How to Educate a Citizen: The Power of Shared Knowledge to Unify a Nation” by E.D. Hirsch— A Manifesto

Hirsch Jr., E.D. “How to Educate a Citizen: The Power of Shared Knowledge to Unify a Nation”, Harper, 2020.

A Manifesto

Amos Lassen

“How to Educate a Citizen: The Power of Shared Knowledge to Unify a Nation”, writer E.D.Hirsch“highlights the essence of our American being and the radical changes in education necessary to sustain that essence. Concerned citizens, teachers, and parents take note!  We ignore this book at our peril.” This manifesto examines thefailures of America’s early education system and theimpactit hason today’snational situation and then goes on toadvocatefor a shared knowledge curriculumthat can be taught tostudents providing an educational foundation that will surelyhelp improve and strengthendemocracy’s identity.

Hirsch urges us  to educate our children more effectively to help heal and preserve the nation. Since the 1960s, our schools have used “child-centered learning.” Subjects such as history, geography, science, civics, and other essential knowledge have been watered down by vacuous learning “techniques” and “values-based” curricula.  Graduate schools of education have indoctrinated, administrators and educators that they are teaching reading and critical thinking skills. This has been done without  strong content.The result of this is a loss of shared knowledge that would help us “to work together, understand one another, and make coherent, informed decisions.”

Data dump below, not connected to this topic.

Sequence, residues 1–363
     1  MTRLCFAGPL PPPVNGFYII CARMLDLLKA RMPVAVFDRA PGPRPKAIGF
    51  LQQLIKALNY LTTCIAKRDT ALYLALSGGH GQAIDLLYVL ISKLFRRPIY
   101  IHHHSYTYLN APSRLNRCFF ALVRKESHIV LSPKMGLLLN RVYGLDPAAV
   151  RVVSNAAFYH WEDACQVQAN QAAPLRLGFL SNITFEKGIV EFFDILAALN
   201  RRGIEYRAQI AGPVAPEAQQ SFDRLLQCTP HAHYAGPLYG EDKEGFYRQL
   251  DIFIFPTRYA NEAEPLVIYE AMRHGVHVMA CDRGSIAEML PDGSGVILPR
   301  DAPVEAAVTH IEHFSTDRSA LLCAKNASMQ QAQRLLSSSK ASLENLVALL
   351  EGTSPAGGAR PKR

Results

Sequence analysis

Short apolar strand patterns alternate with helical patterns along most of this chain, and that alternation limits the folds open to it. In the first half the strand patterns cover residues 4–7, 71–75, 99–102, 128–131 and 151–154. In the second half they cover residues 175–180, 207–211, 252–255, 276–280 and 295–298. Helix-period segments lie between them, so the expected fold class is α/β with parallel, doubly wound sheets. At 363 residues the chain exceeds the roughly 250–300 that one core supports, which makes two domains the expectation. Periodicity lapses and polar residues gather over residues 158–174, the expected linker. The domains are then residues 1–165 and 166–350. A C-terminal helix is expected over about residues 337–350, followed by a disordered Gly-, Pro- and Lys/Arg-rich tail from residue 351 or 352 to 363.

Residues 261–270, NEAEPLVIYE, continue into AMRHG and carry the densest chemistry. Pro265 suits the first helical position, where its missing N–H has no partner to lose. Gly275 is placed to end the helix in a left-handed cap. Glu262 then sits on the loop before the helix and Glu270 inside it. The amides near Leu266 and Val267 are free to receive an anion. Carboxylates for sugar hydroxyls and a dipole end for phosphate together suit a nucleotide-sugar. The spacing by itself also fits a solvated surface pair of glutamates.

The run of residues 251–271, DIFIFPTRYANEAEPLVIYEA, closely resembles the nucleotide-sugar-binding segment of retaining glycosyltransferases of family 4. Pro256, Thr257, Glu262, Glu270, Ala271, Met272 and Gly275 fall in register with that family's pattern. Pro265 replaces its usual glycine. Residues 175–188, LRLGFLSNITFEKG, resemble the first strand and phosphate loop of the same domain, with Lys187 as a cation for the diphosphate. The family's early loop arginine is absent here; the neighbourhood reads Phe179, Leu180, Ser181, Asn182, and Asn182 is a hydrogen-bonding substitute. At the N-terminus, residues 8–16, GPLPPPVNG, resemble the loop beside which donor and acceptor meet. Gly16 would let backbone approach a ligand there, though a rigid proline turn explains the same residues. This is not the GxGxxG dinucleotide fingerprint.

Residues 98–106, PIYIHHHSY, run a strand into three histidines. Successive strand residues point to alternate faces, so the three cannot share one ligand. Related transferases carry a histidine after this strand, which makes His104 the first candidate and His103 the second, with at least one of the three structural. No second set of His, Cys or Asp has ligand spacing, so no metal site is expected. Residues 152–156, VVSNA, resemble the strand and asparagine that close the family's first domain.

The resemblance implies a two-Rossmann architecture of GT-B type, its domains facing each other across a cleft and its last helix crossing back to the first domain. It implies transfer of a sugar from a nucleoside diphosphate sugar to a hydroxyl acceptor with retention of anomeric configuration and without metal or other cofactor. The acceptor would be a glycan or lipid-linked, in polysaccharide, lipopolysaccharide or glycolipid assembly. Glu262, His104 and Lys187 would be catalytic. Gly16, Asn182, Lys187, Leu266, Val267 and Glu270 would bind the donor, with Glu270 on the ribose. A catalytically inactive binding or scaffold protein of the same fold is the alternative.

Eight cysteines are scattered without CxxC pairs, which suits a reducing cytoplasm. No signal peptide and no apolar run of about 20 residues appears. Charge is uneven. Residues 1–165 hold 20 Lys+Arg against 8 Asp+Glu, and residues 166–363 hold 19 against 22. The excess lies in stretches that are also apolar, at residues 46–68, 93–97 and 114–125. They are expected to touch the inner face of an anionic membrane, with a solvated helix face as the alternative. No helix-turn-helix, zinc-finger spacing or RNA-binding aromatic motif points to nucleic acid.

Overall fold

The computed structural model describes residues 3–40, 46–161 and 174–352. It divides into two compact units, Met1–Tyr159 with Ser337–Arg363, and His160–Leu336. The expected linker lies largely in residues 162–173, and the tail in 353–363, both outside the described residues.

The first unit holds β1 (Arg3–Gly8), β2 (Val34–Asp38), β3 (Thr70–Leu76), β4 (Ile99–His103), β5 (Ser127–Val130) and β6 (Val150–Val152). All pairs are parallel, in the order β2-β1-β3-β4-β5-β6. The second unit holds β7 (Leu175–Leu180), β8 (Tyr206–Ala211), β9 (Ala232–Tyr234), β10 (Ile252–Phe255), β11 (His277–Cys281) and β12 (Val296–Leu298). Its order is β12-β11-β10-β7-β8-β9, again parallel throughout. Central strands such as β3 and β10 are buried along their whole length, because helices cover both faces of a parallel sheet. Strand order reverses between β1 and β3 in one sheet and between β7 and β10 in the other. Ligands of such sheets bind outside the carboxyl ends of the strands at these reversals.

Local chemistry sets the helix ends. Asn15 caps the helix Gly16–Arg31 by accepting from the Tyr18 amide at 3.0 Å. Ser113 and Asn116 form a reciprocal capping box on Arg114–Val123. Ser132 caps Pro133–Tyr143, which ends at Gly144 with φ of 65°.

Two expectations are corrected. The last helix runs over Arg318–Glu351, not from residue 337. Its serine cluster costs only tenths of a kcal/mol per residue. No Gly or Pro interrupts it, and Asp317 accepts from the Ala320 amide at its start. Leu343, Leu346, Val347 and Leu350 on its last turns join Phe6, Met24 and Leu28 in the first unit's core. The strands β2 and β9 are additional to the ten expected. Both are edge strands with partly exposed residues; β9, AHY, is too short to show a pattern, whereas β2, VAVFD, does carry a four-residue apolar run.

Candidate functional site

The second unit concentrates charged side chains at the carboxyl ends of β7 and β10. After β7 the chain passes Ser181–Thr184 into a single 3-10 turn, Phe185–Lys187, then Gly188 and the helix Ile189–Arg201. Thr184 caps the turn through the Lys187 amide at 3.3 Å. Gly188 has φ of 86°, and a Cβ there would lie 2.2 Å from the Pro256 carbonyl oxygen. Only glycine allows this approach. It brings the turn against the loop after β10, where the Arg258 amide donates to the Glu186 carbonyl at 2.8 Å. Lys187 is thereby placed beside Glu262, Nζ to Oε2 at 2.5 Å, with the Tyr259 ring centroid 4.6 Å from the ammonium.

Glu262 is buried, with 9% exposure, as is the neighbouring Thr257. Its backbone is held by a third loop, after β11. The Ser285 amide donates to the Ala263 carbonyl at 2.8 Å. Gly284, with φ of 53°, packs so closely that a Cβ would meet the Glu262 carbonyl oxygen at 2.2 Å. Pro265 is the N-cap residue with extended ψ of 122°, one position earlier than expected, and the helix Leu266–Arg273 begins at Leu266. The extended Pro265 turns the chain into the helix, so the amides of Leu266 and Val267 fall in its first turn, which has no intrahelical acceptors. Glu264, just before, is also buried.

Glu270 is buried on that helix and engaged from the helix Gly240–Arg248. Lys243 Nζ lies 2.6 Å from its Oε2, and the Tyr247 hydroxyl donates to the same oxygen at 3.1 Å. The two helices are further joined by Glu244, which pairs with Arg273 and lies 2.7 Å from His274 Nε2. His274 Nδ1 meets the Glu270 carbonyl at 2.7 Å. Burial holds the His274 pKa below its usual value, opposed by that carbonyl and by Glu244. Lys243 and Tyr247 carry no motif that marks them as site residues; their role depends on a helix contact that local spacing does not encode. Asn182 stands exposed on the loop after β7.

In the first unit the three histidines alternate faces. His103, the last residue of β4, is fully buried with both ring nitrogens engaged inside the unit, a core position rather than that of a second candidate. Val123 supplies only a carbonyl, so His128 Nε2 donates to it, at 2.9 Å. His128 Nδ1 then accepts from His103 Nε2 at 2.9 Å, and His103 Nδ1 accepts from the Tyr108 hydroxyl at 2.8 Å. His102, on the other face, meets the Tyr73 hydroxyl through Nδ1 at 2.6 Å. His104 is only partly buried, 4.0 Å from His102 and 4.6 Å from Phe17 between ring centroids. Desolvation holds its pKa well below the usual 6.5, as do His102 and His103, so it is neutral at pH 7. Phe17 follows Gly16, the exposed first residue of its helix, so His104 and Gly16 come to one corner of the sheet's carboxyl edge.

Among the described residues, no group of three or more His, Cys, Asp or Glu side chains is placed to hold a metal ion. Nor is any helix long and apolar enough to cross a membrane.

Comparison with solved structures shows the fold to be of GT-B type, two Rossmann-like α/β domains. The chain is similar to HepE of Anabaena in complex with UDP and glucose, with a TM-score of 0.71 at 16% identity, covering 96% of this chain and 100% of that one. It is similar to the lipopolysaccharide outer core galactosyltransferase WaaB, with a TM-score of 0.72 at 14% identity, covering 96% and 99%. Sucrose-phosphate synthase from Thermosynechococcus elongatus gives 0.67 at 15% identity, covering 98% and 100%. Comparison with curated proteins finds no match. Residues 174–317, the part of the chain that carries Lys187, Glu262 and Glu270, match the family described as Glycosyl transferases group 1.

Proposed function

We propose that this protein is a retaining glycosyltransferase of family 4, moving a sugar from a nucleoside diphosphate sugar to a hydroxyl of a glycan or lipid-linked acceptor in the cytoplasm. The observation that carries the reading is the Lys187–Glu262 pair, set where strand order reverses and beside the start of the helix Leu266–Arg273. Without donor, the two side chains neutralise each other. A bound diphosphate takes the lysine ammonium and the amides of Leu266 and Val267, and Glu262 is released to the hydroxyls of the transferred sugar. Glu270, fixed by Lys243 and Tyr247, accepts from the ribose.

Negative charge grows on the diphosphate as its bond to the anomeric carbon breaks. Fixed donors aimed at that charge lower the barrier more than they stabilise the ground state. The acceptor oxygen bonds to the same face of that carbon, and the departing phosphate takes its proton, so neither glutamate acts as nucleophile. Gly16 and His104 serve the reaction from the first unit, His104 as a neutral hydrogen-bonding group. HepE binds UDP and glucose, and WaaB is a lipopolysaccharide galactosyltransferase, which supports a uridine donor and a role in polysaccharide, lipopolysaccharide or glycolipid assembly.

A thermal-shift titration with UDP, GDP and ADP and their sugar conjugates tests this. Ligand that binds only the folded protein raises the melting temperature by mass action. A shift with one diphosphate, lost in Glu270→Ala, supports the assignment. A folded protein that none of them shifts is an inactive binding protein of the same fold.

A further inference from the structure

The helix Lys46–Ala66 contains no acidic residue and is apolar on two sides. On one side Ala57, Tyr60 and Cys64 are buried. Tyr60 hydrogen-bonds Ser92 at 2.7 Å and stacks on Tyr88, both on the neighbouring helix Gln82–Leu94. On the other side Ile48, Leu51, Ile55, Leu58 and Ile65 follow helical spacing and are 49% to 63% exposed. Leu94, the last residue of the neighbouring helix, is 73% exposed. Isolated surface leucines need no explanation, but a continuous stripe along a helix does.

Children, today, under-prepared and this takes away from the American dream and hurts the spiritual bonds and unity that have held the nation together. Hirsh looks back at early schoolmasters and educational reformers such as Noah Webster and Horace Mann and then gives the history of the rise and fall of the American early education system and shows us a blueprint for closing the national gap in knowledge, communications, and allegiance. He galvanizes our schools to provide children with the power of shared knowledge. His calls for ‘a better-educated citizenry’ must be examined by administrators and teachers. Hirsch’s arguments are clear and well-grounded in his criticism to enhance educational equity.

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